Entrepreneurial Skills Seen as Sahlman's Forte

Some Question Tenure in Publishing Division

Class of 1995 Professor of Business Administration William A. Sahlman is an entrepreneur in every sense of the word.

A member of the Business School faculty since 1980, Sahlman created the second-year course "Entrepreneurial Finance" in 1985. The professor also researches and writes about investment decisions in entrepreneurial ventures and holds a chair endowed in honor of 1955 Business School graduate and successful entrepreneur Dimitri V. d'Arbeloff.

Sahlman may soon undertake another enterprise: that of leading the Business School (HBS). The 45-year-old senior associate dean and director of publishing activities is one of the favorites to succeed retiring Dean of the Business School John H. McArthur, faculty members said last week.

Others whom faculty members have listed as potential contenders for the deanship include:

Robinson Professor of Business Administration James I. Cash.

Figgie Professor of Business Administration Kim B. Clark.

Baker Professor of Business Administration Leonard Schlesinger.

Leading Like An Entrepreneur?

As dean, Sahlman's belief in the benefits of entrepreneurship might move him to decentralize administration at the Business School, some faculty members said.

"Sahlman specializes in the entrepreneurial, and it could bear upon the future of the Business School," said a professor who spoke on condition of anonymity.

"He would probably tend to encourage individual initiatives rather than try to run [the school] as a bureaucracy," Professor of Business Administration Francis J. Aguilar said. "Not to imply that McArthur did--he also had various initiatives, but probably more of a central control. We might find less of that under Sahlman."


But turmoil in the Business School's publishing department in the past four years could hurt Sahlman's chances of being appointed dean, some faculty members said.

"[The] publishing [department], it's like chaos over there," said a professor who spoke on condition of anonymity. "I'm not sure there would be the right confidence in [Sahlman]."

"A lot of people say things haven't goneright--there's been some missteps," he added.

Harvard Business School Publishing, Inc.oversees the creation and marketing oftheHarvard Business Review, case studiesused in the classroom and video documentaries ofcompanies which apply business techniques.

Sahlman, who assumed the directorship of HBSPublishing in July 1991, was featured in a NewYork Times article last October.

The article portrayed a struggling companywhich had made a number of expensive mistakes. Oneof the mistakes, according to the article, wasspending $10,000 creating four-hour managementinstruction videos which corporations laterrefused to buy.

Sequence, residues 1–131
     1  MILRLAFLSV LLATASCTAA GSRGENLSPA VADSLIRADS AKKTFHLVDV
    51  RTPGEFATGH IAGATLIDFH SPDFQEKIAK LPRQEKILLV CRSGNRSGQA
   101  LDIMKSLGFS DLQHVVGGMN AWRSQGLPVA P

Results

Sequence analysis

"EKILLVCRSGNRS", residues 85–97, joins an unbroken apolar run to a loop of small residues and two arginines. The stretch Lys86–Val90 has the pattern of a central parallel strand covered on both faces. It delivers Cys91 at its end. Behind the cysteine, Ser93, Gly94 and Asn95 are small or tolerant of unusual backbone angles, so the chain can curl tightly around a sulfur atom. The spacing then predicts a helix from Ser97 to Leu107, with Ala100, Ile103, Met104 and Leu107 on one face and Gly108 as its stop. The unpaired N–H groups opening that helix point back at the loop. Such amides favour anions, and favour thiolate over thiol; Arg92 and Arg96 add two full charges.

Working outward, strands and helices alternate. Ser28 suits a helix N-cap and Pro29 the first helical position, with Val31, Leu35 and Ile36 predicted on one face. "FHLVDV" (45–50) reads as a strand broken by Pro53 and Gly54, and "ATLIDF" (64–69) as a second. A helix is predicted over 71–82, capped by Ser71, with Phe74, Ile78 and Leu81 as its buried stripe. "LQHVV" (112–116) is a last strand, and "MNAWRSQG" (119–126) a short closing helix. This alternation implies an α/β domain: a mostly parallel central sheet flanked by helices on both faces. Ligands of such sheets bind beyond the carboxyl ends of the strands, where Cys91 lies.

"Customers told us they couldn't use it,"Sahlman told The New York Times.

"They'd have to shut down their entire companyfor two weeks to absorb it all."

The unwanted videos weren't the publishingdivision's only mistake. According to the Timesarticle, school officials expected Sahlman toboost the publishing company's annual revenuesfrom $38 million to $100 million in five years.

Yet when the deadline arrived, revenues were adisappointing$49 million.

Had Sahlman achieved that 100 million dollargoal, the New York Times suggested he would be a"shoein" as the next dean of HBS.

But some faculty members said that it was hardto tell whether Sahlman was responsible for allthe publishing division's woes.

"There's been a real mess over there. What Idon't know is did [Sahlman] inherit the mess andhave to clean it up, or did he contribute to it?"Aguilar said.

McArthur appointed Ruth R. McMullin, former CEOof John Wiley & Sons Inc., as president of thepublishing division the same year Sahlman wasnamed chair of the board of directors.

Associate Dean and President of HBS PublishingLinda S. Doyle replaced McMullin last March. Noone seems to know whether to blame McMullin ofSahlman for the publishing "mess."

But many faculty members give Sahlman creditfor performing well at a difficult task.

"You have to give him high marks when youadjust for degree of difficulty--kind of likediving or figure skating," said a professor whospoke on condition of anonymity.

"He's done a very, very fine job in handling avery difficult and demanding job for which hedoesn't have a good model to follow," theprofessor said.

`Terrific' Teacher

Although there may be doubts about Sahlman'sadministrative ability, faculty membersuniversally praise him as an excellent teacher.

"He's an enormously respected classroomteacher," said a professor who requestedanonymity.

"There are two things involved: He created aterrific course, and he teaches the terrificcourse terrifically," the professor added, citing"Enterpreneurial Finance" as "one of the mosthighly regarded courses [by students]."

"Sahlman is tremendously popular amongstudents," said another professor who alsorequested anonymity.

Last year, about 400 students--over 50 percentof the School's second-year class--enrolled inSahlman's course.


Sahlman earned an A.B. in Economics fromPrinceton and an M.B.A. and Ph.D. in BusinessEconomics at Harvard.

Sahlman and his family can occasionally befound canoeing on Squan Lake in New Hampshire,colleagues said